BNL: And now since you’re familiar with our lebanese clubbers, and you already know and witnessed what lebanese clubbing is about, tell us what’s your opinion about the lebanese clubbers who attended your gig?
Fred: Well, I was really happy to see how many clubbers came down to see me.
The crowd was amazing!! I really like the Lebanese clubbers.
Spoke with a few of them…nice people.
You can see that the cord is into this kind of music.
BNL: How did you build up the chemistry between you and them?
Fred: Well…like I use to do everywhere, break the Ice talk with the clubbers before I hit the decks.
It’s important for me to have good contact with the crowd, not only during my set but also before and after.
Unfortunately my flight was leaving early so I got straight to the airport from the gig…
During my set it’s chemistry al over…I feel what the crowd wants and I feed them with quality tracks.
Seems that they enjoyed themselves very much.
BNL: Did B018 have any help in this , and what did you think about the setup?
Fred: I really love the club; a point that needs to be changed is the location of the DJ booth.
It would be better if it was located in the vision of the crowd.
I like to have eye contact during my set; this was a little difficult now.
But the place and the sound and the people who works there are great.
Also big shout to the owner, a very nice person.
For me a great experience.
BNL: If you think of any, what does the Lebanese club scene miss?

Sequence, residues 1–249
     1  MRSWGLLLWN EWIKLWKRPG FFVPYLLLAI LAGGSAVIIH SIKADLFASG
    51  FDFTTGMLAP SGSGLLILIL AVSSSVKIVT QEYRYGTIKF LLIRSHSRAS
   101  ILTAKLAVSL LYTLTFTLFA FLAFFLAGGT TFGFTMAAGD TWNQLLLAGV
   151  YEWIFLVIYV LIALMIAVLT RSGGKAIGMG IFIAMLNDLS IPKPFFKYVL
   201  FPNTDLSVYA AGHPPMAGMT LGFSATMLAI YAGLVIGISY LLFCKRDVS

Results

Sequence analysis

Fred: Wouw…that’s difficult for me to say.
I was there for one gig so I hadn’t enough time to investigate.
BNL: And now to get back to You, what are your main projects for 2006?
Fred: Main project are a tour in Australia, USA and Canada.
Working on new projects with different producers Worldwide.
That will be my goal for this year.
BNL: Who were you inspired by as musicians and composers during the time you were brought up?
Mostly the 80’s and DJ’s like Anthony Pappa, Sasha and John Digweed I think.
For the 80’s, George Moroder, Human League, Kraftwerk and Patrick Cowley are heroes for me.
Also composers like Barry Gilbey, Greed, Satoshi Tomiie, Deep Dish and Piece Division.
These are guys who worked hard and are still rocking the floors.
BNL: What are your favorite things about DJing?
Fred: Please the crowd, learn them about new music.
Contact with the people and see how they enjoy themselves.
When the gig is good it’s like to be in heaven….
BNL: What you have you learnt from DJing ?
Fred: Be yourself.
It’s very important to make your own sound.
It’s your sound the people love…stick with it and crow.
Listen to new music and use it when it fit’s in.
It’s new music and new influences in the style you’re playing what keep the scene fresh.
BNL: What do you feel the DJ’s role is in modern society?
Fred: It’s better that years ago, now DJ’s get recognition they deserve.
DJ’s are doing a great job these days; you can read that they are comparable with Artists.
I think it’s true, they work hard (at least the most do).
DJ is a culture … a life style.
Fred: Well that’s not that easy to explain.
First of all, play music you like yourself, don’t be a “look a like” DJ who what’s to play records.
DJ is something that comes from your heart; you must have passion for the music.
Than it’s important to play good music, and good music is not only new music, play good old classics at the right time and you will see that it works.
Be open minded about new music, new music is the future.
Eye contact…that is very important, the crowd it there for the music but also for the DJ.
Look them in the eyes and make them smile…give them a hell of a night.
Well simple in words….but not everyone is able to make it happen.
BNL: What was the first record you ever bought?
Fred: Think it was something from Earth Wind and Fire…still love to listen to that music.
BNL: What’s the most extreme thing you’ve ever done to acquire a record?